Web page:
UK consumers’ eating habits have become increasingly guided by ethics and sustainability over the last year, a survey has found.

The poll by Proagrica revealed that 48% of shoppers have been paying greater attention to the provenance of their food, through indicators such as kitemarks, since the pandemic began. Surveying more than 1,000 adults, the researchers found that 71% of respondents had been reducing their food miles by purchasing local produce.

More than half (57%) had chosen to reduce their meat and dairy consumption, while 46% preferred meat or fish to have been ethically farmed, choosing products such as free-range poultry and MSC-certified fish.

Over a third said they had increased their intake of organic food, with the same number selecting more alternative protein products.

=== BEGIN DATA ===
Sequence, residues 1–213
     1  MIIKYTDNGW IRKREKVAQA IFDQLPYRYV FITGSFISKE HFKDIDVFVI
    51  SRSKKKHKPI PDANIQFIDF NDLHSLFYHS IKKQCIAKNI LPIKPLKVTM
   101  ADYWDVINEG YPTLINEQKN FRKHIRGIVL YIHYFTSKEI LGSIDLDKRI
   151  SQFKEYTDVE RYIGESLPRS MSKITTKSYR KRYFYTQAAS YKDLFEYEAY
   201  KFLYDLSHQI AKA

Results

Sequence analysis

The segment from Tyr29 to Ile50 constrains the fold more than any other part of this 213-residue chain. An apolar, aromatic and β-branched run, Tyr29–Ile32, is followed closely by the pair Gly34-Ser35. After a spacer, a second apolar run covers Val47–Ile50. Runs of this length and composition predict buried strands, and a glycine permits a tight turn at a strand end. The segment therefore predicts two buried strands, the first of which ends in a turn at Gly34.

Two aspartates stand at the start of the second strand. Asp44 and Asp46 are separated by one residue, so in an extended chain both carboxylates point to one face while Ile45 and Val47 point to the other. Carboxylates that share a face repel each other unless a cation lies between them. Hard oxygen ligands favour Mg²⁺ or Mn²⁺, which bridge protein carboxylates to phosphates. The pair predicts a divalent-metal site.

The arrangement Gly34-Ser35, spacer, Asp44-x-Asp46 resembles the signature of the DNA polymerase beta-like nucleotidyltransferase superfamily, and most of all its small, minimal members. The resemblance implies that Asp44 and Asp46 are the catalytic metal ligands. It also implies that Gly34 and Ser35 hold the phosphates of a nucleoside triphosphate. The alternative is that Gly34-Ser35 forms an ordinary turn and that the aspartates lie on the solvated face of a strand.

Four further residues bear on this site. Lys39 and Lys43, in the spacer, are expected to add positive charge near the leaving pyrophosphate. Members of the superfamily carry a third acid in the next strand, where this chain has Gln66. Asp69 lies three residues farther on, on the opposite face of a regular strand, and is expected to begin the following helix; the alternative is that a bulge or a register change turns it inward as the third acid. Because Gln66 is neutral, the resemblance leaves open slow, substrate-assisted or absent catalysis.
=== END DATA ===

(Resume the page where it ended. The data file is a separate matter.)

Graeme McCracken, managing director at Proagrica, said: “Many were making considered food choices to minimise their carbon footprints before the pandemic. However, our research shows Covid-19 has pushed more people to think about the types of food they are eating and how this is produced. This is informed by two underlying concerns – environmental impact and health.

“With more shoppers actively looking for certification kitemarks when shopping, the pressure is growing across the food supply chain to prove ethical standards are being upheld. The industry must work collaboratively to build a food system that is entirely traceable. This is a chance for the food sector to prove it puts sustainability at the heart of all it does. While it would not make sense to do anything otherwise, we need to be able to demonstrate this to consumers.”